Friday, June 29, 2012

ESL Teaching Tip: Soft Sounds of C and G

My ESL teaching tips have proven to be popular posts, so I thought I would provide some additional teaching tips to add to those that have already been published. I am currently working on revising a manual lesson for other sounds for c and g. (I blogged about an experience I had teaching this skill at a community college in Southern California here.) A synopsis of this skill is as follows:

• When c is followed by the vowels e (ce) or i (ci), the sound of c changes from /k/ to /s/ (e.g., cent; cite). C will have the /s/ sound nearly 100 percent of the time in this construction. (Exception: soccer)

• When g is followed by the vowels e (ge) or i (gi), the sound of g changes from /g/ to /j/ (e.g., gem; gin). This new sound occurs about 85 percent of the time in this construction. (Exceptions: girl, get, gift, etc.)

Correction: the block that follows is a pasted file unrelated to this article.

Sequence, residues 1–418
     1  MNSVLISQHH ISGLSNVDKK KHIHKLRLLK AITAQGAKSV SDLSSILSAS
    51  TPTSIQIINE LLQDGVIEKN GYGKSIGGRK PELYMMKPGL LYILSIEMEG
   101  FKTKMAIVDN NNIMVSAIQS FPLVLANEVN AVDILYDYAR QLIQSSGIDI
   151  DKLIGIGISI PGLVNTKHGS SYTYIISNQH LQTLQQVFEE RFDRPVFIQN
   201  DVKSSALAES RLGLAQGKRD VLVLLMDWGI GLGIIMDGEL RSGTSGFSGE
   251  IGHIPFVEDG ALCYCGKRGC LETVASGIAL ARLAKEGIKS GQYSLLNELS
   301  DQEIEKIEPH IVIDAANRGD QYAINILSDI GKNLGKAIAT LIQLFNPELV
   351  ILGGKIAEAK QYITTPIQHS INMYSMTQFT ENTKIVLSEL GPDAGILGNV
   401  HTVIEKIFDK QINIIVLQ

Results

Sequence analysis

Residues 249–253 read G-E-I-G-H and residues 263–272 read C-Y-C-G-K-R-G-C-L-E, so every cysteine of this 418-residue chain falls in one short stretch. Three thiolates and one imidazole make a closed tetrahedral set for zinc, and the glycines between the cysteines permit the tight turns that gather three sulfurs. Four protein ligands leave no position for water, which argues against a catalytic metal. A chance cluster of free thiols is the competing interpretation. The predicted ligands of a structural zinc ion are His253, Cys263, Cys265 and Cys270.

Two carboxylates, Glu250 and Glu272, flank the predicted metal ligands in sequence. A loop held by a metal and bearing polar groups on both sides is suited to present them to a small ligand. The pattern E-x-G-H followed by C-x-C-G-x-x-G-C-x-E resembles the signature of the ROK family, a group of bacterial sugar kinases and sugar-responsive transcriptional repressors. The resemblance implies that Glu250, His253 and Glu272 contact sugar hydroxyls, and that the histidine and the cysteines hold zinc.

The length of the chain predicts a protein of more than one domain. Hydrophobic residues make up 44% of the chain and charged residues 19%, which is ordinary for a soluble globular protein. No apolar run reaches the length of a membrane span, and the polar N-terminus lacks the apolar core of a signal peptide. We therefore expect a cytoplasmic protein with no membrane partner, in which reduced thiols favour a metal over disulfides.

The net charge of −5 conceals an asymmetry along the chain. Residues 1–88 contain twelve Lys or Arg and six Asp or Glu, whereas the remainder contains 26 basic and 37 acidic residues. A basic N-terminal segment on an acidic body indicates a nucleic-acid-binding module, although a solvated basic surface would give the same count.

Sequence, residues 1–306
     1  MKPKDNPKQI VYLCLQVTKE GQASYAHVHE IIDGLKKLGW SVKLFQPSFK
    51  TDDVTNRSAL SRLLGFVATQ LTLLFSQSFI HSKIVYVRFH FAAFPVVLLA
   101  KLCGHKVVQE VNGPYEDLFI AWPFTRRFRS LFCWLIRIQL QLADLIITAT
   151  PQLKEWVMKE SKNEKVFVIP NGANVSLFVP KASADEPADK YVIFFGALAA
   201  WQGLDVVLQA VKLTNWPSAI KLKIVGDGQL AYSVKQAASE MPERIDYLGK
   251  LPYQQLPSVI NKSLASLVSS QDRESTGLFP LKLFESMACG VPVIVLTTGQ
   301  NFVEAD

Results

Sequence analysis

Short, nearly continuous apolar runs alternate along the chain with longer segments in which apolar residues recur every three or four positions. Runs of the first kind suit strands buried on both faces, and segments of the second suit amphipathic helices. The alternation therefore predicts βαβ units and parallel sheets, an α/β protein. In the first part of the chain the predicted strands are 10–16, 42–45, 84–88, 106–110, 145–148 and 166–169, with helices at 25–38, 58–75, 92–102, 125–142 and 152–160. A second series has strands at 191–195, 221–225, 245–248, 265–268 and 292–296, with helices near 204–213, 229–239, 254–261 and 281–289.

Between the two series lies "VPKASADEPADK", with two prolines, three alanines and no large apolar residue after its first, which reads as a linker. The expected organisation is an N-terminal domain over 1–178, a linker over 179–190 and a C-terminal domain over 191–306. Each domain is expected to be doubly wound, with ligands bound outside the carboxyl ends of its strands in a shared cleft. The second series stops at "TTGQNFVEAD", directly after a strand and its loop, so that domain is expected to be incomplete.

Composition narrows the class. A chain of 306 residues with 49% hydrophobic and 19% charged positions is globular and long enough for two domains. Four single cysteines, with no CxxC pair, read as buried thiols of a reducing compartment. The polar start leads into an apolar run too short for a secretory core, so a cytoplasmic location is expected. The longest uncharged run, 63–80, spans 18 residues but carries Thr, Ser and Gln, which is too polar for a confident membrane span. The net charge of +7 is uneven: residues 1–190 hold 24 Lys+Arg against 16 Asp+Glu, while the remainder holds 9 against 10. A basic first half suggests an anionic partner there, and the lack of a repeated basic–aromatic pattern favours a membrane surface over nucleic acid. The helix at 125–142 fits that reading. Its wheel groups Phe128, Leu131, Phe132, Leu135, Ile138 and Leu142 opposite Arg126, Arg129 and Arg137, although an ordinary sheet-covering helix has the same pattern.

• When a consonant plus c or g comes between the first vowel and the silent e, the two consonants will cause the first vowel to be short (e.g., dance, prince, plunge).

• English words never end in the letter j. When the sound /j/ is heard at the end of a word, it will always be spelled ge. Words with a long vowel sound will end with just the ge spelling (e.g., cage). Words with a short vowel sound will end with a dge spelling (e.g., judge; bridge).

Teaching tip adapted from the Reading Horizons method found in the Decoding Strategies for Literacy Development manual published by Reading Horizons. Used with permission.

For other ESL Teaching Tips, visit the following blog posts:

Click here to read about the pronunciation of -ed.
Click here to read about pronouncing plurals.
Click here to read about voiced and voiceless sounds.
Click here to read about rising and falling intonation in questions.
Click here to read about syllable stress and the schwa.
Click here to read about adding the suffixes -ing, -ed, -er, and -est.
Click here to read about teaching common suffixes. 
Click here to read about teaching common prefixes. 
Click here to read about spelling words that end in S, F, and Z.
Click here to read about syllable division in multi-syllabic words.

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